|Director of Gambia's financial intelligence unit, Alagie Darboe, said it was important to "identify, assess, and mitigate" risks associated with money laundering and terrorist financing (Photo Credit: @JoofMS/TNBES).|
A two day training for financial institutions like banks, credit unions and insurance companies is to build the capacities of participants on "money laundering and terrorist financing risk assessment".
It is also meant to enhance the capacity of a pool of experts in financial institutions and designated non-financial businesses and professions (DNFBPs) to be capable of conducting money laundering and terrorist financing risk assessment, GIABA, said on Wednesday.
DNFBPs include casinos, real estate agents, dealers in precious metals, dealers in precious stones, lawyers, notaries, other independent legal professionals and accountants, trusts and company service providers.
The inter-governmental action group against money laundering in West Africa (GIABA) also said the training will develop and adopt a roadmap for conducting money laundering and terrorist financing (ML/TF) risk assessment in the financial and DNFBPs sectors.
Participants are also expected to agree on the next steps to improve ML/TF risk assessment in the various individual sub-sectors.
Breeds social ills
Gambia's financial intelligence unit (FIU) director, Alagie Darboe, said money laundering damages the integrity of "our financial systems", and has the ability to misallocate resources, income distribution and breeds social ills like crime and corruption.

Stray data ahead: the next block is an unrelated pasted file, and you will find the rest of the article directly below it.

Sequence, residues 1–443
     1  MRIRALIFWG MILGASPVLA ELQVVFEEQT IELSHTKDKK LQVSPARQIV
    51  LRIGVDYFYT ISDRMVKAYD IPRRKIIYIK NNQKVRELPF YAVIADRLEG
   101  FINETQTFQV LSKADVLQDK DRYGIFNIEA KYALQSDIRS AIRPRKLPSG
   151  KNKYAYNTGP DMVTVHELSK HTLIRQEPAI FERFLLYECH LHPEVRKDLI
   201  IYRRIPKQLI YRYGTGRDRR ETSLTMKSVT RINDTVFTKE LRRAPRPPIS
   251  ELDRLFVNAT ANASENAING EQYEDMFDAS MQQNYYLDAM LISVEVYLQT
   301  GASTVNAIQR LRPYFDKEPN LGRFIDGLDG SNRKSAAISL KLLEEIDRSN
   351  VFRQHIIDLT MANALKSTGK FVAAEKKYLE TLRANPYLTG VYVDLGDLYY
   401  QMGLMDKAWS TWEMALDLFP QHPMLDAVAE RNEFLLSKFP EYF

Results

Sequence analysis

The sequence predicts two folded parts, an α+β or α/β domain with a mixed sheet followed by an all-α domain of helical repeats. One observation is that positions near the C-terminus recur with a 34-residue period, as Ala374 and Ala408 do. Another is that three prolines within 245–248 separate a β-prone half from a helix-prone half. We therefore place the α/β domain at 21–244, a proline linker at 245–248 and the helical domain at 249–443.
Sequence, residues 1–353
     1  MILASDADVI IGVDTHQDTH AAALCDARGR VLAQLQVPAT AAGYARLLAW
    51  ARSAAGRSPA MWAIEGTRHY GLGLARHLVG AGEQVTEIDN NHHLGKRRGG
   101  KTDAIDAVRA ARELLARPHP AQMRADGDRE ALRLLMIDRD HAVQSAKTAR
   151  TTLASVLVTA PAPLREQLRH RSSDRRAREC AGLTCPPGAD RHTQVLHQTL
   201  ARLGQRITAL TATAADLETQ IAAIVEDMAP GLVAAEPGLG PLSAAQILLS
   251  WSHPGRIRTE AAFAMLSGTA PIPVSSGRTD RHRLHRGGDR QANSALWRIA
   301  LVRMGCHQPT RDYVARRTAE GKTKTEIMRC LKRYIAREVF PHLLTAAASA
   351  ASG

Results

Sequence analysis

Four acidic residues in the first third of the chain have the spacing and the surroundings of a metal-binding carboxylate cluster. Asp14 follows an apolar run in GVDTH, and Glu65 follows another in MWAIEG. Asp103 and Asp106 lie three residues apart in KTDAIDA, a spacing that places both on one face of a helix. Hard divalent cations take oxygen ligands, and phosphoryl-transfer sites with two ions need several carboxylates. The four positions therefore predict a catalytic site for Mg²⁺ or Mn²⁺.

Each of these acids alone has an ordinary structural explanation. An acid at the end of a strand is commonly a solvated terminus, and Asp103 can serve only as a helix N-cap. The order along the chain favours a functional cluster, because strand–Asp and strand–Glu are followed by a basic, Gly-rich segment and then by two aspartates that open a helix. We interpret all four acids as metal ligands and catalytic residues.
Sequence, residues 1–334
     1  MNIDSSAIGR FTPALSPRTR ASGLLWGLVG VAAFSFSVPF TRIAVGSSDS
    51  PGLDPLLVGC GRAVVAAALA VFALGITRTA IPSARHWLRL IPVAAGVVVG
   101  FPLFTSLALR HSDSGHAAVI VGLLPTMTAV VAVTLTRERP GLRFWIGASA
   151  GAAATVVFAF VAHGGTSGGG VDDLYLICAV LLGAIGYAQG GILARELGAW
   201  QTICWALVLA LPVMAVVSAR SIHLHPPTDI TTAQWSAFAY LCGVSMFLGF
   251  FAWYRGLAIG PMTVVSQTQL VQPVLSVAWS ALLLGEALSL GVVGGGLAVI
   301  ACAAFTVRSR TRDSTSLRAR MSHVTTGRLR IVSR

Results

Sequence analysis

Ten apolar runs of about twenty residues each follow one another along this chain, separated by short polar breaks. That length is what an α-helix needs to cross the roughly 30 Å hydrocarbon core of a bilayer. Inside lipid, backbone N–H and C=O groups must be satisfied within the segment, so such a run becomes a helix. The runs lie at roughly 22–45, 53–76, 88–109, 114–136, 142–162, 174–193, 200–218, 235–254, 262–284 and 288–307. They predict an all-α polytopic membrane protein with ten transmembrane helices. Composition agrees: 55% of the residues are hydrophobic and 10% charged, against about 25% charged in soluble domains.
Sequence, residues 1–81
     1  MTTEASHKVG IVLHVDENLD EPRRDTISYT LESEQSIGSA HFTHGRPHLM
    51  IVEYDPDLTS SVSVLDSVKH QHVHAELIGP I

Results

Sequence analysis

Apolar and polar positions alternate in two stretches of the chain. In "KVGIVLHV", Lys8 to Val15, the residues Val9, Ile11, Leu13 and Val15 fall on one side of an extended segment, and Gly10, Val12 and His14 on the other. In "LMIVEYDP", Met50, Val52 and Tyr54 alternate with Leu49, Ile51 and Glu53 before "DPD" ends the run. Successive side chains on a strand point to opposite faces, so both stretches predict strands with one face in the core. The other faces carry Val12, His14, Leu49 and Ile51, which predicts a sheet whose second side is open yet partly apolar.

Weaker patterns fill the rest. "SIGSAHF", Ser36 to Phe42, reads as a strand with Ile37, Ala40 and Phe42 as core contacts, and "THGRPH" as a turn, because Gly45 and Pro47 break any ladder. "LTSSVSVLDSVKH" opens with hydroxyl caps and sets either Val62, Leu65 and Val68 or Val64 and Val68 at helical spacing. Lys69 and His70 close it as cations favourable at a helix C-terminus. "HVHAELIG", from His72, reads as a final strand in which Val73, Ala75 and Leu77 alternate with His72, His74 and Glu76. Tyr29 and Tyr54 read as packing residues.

For this reason, he said it was important to "identify, assess, and mitigate" risks associated with money laundering and terrorist financing.
Darboe said such capacity building programmes are crucial for the establishment and protection of systems meant to fight against money laundering and terrorist financing.
Kimelabalou Aba, director general of GIABA, said money laundering and terrorist financing risks could easily be transposed to other financial institutions through transactions in economies that are fully integrated with the global financial system.
"A poor understanding of money laundering and terrorist financing risks by [financial businesses] has adverse implications for effective implementation of anti-money laundering and counter-financing terrorism preventive measures," he said in a statement read on his behalf.
Aba said this may result in weak customer due diligence culture - the process where relevant information about the customer is collected and evaluated for any potential risk for the organization or money laundering and terrorist financing activities.
GIABA said it is focusing its attention on providing technical assistance in building the requisite capacity of reporting entities in the area of ML/TF risk assessment in The Gambia.
The first deputy governor of the Central Bank of The Gambia said it was crucial for DNFBPs in the country to take part in the ML/TF risk assessment training in order to implement an effective AML/CFT measures by adopting a risk-based approach to financial dealings.
Dr. Seeku A.K. Jaabi said risks associated with financial transactions are dynamic and need continual management.
Financial institutions and designated non-financial businesses and professions should be at the forefront in the fight against money laundering, terrorist financing and other financial crimes.
Written by Modou S. Joof
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